been suitably impressed by the show-stoppers - the Avebury circles and Silbury Hill - we ought to have a quick look at the supporting acts.
This little district is crammed with evidence of human activity - some more easily recognisable than others.
Of course, human beings have been around this territory for tens of thousands of years, but they left little mark on the landscape until about 6,000 years ago, when they started stripping back the forest to make farms for themselves. Before that, they'd been happily hunting those forests for game animals, and gathering berries, roots and nuts from them. What possessed them to give up this idyllic life and take up the back-breaking toil of agriculture, we'll probably never know. It must have seemed like a good idea at the time.
Archaeologists can identify signs of this early agriculture, pointing excitedly to scratch marks made by bone ploughs. To you and me, they look like - well - scratches, but they've got degrees in this stuff, so we'll take their word for it. There isn't much else to show - these farmers didn't stay in one place long enough to establish lasting dwellings (of the kind that would leave something for us to find, today). But, after a while, people began to build more substantial structures, of which some recognisable remains can still be found. On Windmill Hill (which we passed on our way into Avebury village) there are signs of informal settlement dating to 3700 B.C. (or thereabouts). Later (about 3300 B.C.) Windmill Hill saw a more complex causewayed enclosure, of which there are visible remains.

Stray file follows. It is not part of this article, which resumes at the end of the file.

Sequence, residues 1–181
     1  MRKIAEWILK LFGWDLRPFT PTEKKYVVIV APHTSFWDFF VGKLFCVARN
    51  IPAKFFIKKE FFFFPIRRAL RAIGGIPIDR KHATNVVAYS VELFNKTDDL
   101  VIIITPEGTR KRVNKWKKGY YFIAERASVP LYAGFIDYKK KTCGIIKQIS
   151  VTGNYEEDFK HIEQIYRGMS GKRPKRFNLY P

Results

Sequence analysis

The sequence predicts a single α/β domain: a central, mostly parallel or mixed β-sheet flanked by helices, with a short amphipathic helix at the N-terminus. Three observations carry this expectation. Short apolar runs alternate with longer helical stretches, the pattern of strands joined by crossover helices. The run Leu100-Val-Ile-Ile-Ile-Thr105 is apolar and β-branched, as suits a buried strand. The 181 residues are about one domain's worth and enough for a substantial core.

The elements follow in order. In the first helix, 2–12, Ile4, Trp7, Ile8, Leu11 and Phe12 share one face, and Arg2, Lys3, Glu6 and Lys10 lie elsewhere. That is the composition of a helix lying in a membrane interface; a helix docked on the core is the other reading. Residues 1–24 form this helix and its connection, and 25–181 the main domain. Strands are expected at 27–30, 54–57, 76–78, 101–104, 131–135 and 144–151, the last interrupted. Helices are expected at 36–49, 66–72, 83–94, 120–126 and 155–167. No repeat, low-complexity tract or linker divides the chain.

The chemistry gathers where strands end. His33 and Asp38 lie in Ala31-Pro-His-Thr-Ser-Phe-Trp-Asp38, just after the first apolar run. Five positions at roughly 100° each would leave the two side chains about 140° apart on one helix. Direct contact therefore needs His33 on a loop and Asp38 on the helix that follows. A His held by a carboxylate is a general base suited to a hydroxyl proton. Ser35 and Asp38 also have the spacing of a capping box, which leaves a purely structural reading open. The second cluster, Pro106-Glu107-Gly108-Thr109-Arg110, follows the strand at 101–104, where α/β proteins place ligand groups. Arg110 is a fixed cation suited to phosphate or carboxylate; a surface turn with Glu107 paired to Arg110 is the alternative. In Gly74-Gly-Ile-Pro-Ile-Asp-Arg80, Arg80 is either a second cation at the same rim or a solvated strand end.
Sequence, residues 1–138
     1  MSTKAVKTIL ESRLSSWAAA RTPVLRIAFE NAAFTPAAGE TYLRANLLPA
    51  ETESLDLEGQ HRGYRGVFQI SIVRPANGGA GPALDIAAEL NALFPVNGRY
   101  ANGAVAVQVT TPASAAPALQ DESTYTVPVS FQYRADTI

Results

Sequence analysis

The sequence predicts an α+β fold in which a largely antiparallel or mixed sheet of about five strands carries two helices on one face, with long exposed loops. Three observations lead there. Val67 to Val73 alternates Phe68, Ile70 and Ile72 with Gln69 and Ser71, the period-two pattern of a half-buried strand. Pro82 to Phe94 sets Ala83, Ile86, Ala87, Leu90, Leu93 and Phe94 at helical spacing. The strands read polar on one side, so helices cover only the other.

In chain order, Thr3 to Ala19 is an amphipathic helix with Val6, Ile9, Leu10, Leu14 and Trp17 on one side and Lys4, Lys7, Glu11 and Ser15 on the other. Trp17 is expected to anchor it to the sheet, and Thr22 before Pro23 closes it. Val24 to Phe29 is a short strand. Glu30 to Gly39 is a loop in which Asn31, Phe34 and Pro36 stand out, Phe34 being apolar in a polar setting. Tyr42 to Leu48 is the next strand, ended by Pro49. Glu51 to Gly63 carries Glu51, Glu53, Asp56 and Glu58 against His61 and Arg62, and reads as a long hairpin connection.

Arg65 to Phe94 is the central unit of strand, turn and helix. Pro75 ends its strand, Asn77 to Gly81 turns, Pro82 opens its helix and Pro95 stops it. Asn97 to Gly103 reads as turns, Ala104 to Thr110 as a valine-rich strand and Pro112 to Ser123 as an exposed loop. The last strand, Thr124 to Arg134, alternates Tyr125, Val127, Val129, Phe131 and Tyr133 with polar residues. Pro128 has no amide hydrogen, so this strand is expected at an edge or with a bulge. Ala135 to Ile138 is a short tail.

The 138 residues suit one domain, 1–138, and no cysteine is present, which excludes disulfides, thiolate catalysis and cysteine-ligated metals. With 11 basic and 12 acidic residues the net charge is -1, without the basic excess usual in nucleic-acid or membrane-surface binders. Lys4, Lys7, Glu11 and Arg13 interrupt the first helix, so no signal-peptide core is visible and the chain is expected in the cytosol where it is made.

Life is short, and the shadow of death hovered over these farmers' lives just as it does over ours (perhaps more so). Like us, they developed rituals associated with death, and built structures to express their beliefs. We have no idea what those beliefs were, but we can see the structures.
Around 3600 B.C., Long Barrows began to appear. These are groups of chambers, built of large stones, in which we find the mortal remains of unknown individuals. Not everyone was buried in a long barrow chamber - there wouldn't have been room - but we don't know what qualified these people for the honour. After a time, these chambers are covered over with earth, leaving a long, low mound about 100-150 feet long and 40-50 feet wide. West Kennet Long Barrow - above Silbury - is one of the best, excavated examples.
In the whole of Britain, there are some 100 long barrows (that we know of - advances in aerial photography and remote sensing techniques keep discovering more). Five of these are in the immediate Avebury district, and a further 22 are within a five mile radius. This must have been recognised as a special area, very early.
Just to confuse things further, some long barrows (including one of the Avebury five), are empty of bodies. They haven't been looted, there never were any.
It may be that these long barrows were used to bury just the great and the good from a clan. After a time, they became an expression of that clan's right to the land. It may be that the empty barrows were built by late-comers who had the land, but wanted to fake a history to go with it.
But all of those were just preliminaries for the big event(s).